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Superior investment results require that you deviate from the norm. In our monthly Absolute Return Letter we discuss key macro topics. Subscribers get it straight to their inbox about 1o times a year.

A classic approach to economic theory suggests low GDP growth in the years to come. Why and what to do about it is what this months Absolute Return Letter is about. Next month, well look at the impact of advanced robotics why a rapidly ageing workforce might not be the problem it is often portrayed as. Could robots simply replace humans in the work process?

For years, economists have disagreed whether ageing is inflationary or dis-inflationary. Ever since IMF published a controversial paper in 2015, the debate has raged, but I have finally concluded that ageing is most definitely dis-inflationary (and perhaps even outright deflationary), and here is why.

Investors are not always told the full story before they invest. In this case, we are constantly told that electric vehicles offer the way forward, but evidence is mounting that they are actually polluting more than petrol or diesel cars. The penny just needs to drop as far as our political leadership is concerned.

25% of Europeans vote for a populist now, and rising populism has a devastating impact on GDP growth, as more and more capital is misallocated which is an economic term for capital being deployed unproductively. Rising populism is obviously not the only reason why more and more capital is misallocated, but it is nevertheless an important reason.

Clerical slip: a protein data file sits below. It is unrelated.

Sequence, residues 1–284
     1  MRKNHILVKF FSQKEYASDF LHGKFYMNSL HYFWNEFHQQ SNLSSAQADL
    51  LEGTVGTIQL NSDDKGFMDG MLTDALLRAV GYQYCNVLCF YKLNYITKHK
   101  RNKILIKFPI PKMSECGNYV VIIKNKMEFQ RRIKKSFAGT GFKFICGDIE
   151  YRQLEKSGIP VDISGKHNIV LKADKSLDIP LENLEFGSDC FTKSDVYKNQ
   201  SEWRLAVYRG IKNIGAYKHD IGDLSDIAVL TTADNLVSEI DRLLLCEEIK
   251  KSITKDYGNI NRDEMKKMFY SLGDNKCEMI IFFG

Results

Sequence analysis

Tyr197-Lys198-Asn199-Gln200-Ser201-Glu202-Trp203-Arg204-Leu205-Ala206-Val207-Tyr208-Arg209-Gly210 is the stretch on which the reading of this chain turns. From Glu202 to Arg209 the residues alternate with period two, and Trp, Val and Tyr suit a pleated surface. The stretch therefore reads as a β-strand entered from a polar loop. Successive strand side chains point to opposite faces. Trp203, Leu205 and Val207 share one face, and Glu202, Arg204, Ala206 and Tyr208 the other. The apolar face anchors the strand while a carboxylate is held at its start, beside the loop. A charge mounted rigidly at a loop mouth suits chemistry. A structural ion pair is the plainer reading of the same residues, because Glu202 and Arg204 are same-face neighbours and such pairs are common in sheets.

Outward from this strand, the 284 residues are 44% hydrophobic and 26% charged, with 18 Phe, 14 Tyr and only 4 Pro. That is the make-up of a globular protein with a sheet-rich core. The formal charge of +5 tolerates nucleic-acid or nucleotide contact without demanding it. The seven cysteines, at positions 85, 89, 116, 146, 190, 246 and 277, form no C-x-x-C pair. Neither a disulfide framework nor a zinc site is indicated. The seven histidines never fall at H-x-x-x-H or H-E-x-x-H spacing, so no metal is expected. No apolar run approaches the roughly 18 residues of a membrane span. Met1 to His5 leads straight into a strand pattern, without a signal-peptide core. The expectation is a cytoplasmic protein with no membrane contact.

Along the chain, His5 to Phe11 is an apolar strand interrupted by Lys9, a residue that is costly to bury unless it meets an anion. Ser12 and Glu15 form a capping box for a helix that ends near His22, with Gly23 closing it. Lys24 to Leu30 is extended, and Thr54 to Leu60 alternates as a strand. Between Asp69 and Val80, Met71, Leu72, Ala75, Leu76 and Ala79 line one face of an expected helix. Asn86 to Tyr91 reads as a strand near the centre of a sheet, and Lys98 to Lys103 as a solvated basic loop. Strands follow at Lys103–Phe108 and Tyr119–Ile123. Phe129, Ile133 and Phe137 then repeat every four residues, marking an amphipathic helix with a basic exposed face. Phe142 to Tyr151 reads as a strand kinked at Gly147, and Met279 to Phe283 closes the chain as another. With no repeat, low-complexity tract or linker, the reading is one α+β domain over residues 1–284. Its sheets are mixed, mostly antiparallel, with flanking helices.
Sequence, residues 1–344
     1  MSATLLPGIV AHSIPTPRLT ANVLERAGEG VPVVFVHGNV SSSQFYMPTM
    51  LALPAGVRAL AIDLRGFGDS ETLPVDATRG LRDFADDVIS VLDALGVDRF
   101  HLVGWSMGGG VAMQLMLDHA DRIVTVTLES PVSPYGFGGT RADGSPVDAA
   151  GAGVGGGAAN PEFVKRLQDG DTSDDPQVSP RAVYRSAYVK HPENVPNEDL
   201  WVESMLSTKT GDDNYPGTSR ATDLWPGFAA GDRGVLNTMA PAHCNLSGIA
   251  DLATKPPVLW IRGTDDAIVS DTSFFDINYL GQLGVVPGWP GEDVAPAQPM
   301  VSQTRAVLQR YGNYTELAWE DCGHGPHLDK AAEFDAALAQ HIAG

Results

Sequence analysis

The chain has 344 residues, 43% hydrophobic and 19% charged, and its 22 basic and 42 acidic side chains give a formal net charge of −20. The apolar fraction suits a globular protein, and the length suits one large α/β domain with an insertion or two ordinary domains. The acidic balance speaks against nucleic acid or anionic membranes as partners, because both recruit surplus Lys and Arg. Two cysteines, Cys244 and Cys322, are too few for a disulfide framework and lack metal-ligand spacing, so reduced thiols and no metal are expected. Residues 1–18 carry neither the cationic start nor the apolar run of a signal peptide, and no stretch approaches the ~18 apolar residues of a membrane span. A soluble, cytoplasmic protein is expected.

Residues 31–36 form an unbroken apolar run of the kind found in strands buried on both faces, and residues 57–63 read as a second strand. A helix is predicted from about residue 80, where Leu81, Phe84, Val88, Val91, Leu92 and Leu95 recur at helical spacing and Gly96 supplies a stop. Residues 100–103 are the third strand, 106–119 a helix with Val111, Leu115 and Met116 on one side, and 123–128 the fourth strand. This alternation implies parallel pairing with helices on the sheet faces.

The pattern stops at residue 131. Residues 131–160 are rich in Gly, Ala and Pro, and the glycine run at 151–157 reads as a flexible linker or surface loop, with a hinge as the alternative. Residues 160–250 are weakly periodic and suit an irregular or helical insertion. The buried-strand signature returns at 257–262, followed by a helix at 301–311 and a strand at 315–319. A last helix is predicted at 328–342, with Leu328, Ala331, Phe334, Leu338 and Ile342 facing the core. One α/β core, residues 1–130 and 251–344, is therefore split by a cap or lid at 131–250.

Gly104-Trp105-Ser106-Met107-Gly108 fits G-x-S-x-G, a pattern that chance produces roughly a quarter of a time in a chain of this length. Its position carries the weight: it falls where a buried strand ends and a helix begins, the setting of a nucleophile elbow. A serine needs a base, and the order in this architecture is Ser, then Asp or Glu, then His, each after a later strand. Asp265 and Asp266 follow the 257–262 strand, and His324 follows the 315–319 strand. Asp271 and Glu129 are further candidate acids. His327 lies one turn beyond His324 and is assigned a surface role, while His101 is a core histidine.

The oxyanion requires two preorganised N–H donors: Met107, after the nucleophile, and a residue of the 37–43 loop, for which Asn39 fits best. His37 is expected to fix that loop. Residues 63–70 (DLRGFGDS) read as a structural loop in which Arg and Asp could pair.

Apart from the 2014-15 supply shock, oil prices have proven to be extremely elastic more recently with only modest changes to either supply or demand having an outsized impact on oil prices. We look into the implications of that and find that oil prices could possibly rise a fair bit further this year even if they are already up 40% year-to-date.

Life expectancy has started to decline in some of the worlds most prosperous countries, and there seems to be a powerful link between that and falling real wages. Come to think of it, there is even a link between austerity and falling life expectancy as the Greeks learned in 2010-2012. With ageing of the populace at large, tax revenues will decline in the years to come, which raises the big question: Will life expectancy continue to decline despite numerous medical advances, as society wont be able to afford the latest, but also the most expensive, treatment forms?

With the workforce starting to decline in many countries, we need brisk productivity growth for the economy to prosper, but exactly the opposite is happening. Why is that? In this months Absolute Return Letter, we take a closer look at a number of negative productivity agents that hold back GDP growth factors such as excessive healthcare costs, a dysfunctional legal system and a poor infrastructure. Enjoy the read!

What will central banks do with all the bonds they have acquired through QE? Could it ultimately lead to (much) higher inflation? These and other questions to do with QE will be addressed in this months letter. The inflationary impact of QE is essentially, and as central bankers have learned over the years, a function of how various interest rates are managed particularly short-term rates – which to a large degree define commercial banks profits when lending vis–vis how much they earn in interest on their central bank reserves, but much more about that in the letter.